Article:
A. N. Whitehead and Social Theory: Tracing a Culture of Thought

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Anthem Press, Sep 1, 2011 - Philosophy - 198 pages
The contemporary importance of A. N. Whitehead (1861–1947) lies in his direct yet productive challenge to the culture of thought inherent in modernity, a challenge that suffuses science, social theory and philosophy alike. Unlike some of the more destructive aspects of postmodernism and poststructuralism, Whitehead’s diagnosis of the conceptual fault lines of the modern era does not entail a passive relativism. Instead, he calls for a renewal of our concepts, offering a positive, philosophical approach based on becoming, relativity, and a reconception of subjectivity and the social. This book outlines Whitehead’s philosophy, using it to reorient a range of specific questions and topics within contemporary social theory.

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Chapter Three
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Chapter Five
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About the author (2011)

Michael Halewood is a lecturer in social theory at the University of Essex.  His main area of research is the relationship of philosophy to social theory, especially with regard to the work of Alfred North Whitehead. He has published articles and chapters on Whitehead’s relation to Deleuze, Badiou and Butler and on topics such as John Dewey, subjectivity and materiality, the body, language and sociality. He has also edited a special section of the journal ‘Theory, Culture and Society’ dedicated to Whitehead, and he is an International Academic Advisor to the Whitehead Research Project.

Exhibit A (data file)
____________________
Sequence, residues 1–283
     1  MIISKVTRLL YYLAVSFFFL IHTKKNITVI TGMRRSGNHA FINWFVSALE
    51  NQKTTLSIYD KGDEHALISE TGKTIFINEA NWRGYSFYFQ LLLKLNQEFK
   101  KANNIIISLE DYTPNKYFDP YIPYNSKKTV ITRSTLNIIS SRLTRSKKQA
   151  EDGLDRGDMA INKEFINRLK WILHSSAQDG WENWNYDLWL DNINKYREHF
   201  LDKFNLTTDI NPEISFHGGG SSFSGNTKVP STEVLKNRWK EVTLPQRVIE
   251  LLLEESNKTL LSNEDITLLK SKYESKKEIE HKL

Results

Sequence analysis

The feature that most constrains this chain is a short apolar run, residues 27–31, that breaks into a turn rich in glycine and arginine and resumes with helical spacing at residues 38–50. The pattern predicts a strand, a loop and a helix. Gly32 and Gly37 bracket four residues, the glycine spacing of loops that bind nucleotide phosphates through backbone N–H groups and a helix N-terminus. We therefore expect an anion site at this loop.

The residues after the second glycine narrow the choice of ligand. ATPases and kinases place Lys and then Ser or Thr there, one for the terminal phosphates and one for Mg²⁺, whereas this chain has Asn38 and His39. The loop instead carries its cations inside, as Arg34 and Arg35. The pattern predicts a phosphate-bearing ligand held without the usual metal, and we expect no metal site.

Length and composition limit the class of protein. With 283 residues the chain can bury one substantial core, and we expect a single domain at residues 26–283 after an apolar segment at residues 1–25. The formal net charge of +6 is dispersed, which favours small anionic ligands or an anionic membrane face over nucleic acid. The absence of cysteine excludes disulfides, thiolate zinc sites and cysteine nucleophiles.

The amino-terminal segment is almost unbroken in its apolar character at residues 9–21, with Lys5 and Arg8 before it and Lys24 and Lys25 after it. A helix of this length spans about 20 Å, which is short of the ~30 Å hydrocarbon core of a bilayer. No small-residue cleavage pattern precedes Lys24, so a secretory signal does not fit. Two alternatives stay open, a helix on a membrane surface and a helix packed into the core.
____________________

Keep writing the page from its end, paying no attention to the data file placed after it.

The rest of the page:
His full research and teaching interests include social theory (classical and contemporary), the philosophy of social science, subjectivity, the body, Marx, abstraction, pragmatism, the metaphysics of the social, materialism and ontology. His recent publications include: ‘On Whitehead and Deleuze – The Process of Materiality’ in ‘Configurations’ (Johns Hopkins University Press, 2007) 13.1: 57-76; ‘Being a Sociologist and Becoming a Whiteheadian: Concrescing Methodological Tactics’ [co-authored with M. Michael] in ‘Theory, Culture and Society’ (Sage, 2008) 25.4: 31-56; ‘Language, Subjectivity and Individuality’ in ‘Deleuze, Whitehead, Bergson: Rhizomatic Connections’, ed. K. Robinson (London: Palgrave, 2009); and ‘Butler and Whitehead on the (Social) Body’ in ‘Secrets of Becoming: Negotiating Whitehead, Deleuze, and Butler’, ed. R. Faber and A. Stephenson (New York: Fordham University Press, 2010).

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